The U.S. and Canada are among the countries to caution their citizens against traveling on cruises. Does this mean the death of cruise stocks is imminent? Not just yet, according to one expert.
'All Hope Is Not Lost'
U.S. President Donald Trump said his administration will help the cruise and airline industries, which suggests "all hope is not lost," Ascent Wealth Partners Managing Director Todd Gordon said on CNBC.
Royal Carribean Holding On To Key Support Level
From a technical perspective, Royal Caribbean's stock is holding on to a key area of support near $45 per share, which coincides with a series of old highs, Gordon said.
Carnival's stock, on the other hand, isn't "looking as good" as it trades near a key support level of $17 and "really needs to stay above there," he said.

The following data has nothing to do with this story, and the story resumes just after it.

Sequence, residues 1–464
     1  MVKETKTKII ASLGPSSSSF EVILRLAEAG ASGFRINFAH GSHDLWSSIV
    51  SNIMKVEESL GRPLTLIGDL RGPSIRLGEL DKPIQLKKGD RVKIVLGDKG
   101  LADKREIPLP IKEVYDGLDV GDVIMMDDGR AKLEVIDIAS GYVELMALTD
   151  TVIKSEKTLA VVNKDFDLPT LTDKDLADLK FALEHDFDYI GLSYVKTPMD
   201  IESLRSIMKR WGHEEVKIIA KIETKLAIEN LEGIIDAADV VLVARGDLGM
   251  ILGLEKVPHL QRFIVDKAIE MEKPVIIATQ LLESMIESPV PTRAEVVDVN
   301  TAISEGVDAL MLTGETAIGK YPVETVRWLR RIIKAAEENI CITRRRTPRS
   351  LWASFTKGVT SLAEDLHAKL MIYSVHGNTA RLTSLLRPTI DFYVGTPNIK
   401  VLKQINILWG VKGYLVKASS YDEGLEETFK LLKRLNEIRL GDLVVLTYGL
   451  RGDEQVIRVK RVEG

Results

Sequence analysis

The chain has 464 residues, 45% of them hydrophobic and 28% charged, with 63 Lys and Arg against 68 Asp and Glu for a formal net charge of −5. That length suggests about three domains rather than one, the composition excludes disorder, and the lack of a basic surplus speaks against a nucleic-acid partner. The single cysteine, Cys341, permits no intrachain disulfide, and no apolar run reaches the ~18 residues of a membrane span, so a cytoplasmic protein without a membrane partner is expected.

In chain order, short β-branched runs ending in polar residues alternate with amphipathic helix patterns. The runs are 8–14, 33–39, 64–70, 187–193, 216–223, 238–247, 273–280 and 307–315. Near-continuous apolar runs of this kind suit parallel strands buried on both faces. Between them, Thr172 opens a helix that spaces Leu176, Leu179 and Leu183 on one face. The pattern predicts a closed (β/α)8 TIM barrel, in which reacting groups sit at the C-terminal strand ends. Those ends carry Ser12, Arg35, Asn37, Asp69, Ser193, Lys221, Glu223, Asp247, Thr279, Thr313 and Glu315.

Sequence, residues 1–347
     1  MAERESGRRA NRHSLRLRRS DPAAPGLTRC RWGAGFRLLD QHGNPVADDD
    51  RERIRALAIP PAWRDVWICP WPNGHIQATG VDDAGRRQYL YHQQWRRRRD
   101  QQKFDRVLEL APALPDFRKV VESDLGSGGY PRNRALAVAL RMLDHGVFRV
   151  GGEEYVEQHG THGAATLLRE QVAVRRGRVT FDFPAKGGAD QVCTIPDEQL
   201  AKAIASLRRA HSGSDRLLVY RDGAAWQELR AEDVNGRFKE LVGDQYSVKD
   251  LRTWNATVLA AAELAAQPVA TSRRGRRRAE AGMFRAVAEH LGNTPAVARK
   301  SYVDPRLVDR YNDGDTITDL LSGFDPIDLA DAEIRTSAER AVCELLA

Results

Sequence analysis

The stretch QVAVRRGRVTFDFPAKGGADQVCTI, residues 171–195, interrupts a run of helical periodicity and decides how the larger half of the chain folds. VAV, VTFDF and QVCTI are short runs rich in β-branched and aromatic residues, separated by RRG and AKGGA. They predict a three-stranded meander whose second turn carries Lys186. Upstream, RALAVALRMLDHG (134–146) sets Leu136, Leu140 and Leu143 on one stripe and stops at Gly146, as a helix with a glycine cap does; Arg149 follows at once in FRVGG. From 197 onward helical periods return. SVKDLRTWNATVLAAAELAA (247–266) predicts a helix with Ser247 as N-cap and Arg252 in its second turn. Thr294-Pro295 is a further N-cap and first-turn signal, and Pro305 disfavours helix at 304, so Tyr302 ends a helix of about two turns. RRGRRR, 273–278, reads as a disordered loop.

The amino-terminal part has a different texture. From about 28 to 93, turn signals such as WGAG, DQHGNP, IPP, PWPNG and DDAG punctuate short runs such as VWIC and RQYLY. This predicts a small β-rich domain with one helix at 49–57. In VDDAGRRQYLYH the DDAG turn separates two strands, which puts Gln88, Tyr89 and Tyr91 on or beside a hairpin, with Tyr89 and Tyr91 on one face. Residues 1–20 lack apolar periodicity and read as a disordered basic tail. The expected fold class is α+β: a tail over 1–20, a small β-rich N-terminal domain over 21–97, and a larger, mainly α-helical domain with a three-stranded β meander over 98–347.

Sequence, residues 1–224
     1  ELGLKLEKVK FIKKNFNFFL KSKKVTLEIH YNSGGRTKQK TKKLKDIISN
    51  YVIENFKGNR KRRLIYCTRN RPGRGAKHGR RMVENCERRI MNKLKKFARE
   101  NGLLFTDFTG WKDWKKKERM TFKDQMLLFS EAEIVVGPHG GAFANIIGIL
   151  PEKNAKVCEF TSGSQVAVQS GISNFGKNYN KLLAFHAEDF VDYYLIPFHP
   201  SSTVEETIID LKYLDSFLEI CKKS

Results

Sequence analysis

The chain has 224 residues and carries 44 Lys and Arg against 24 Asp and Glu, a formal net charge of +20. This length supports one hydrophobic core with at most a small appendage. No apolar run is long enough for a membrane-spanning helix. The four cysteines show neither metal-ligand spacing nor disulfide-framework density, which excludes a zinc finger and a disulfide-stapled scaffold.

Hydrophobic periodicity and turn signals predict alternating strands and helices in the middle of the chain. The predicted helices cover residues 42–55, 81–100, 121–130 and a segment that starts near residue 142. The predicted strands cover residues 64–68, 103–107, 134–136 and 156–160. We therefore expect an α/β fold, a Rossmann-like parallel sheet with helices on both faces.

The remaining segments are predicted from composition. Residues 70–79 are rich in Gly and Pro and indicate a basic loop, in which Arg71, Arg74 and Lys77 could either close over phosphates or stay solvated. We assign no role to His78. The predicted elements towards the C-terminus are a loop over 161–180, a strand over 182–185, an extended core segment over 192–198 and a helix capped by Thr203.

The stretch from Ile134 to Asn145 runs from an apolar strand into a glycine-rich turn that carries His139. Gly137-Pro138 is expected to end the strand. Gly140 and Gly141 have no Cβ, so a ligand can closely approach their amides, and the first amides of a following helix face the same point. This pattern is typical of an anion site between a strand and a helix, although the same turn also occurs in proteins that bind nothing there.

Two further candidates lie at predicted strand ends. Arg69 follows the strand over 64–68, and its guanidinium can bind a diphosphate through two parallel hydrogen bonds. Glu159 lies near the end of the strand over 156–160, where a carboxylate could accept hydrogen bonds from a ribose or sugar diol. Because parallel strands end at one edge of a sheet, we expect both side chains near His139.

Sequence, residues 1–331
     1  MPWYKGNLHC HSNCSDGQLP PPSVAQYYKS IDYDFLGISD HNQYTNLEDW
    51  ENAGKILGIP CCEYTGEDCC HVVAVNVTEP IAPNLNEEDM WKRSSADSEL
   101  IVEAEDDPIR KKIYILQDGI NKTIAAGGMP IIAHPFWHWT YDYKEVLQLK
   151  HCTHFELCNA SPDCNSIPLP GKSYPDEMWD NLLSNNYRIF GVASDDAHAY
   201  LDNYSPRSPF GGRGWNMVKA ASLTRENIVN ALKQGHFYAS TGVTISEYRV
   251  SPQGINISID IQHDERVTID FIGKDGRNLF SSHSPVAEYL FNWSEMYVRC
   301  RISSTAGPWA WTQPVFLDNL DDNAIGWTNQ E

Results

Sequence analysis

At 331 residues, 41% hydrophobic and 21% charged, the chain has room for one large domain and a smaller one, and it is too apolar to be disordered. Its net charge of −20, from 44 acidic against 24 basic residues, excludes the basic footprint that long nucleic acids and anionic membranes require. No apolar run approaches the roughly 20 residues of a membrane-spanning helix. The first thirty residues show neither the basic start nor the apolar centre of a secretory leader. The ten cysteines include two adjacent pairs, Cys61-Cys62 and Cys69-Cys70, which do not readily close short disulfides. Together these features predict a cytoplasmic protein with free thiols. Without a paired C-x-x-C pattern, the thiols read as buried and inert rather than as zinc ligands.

Overall, the cruise industry could see some support from the $120 billion baby boomers are spending on travel, Gordon said.
If the coronavirus-related health issues subside, Gordon said he "might reenter the position in Royal Caribbean."
The entire tourism industry could see continued headwinds, but airlines and hotels will have an easier path to recovery, Chantico Global CEO Gina Sanchez also said on "Trading Nation."
People are more likely to "get back on planes" than they will be on cruises, which will have a "hard time" attracting back guests, she said.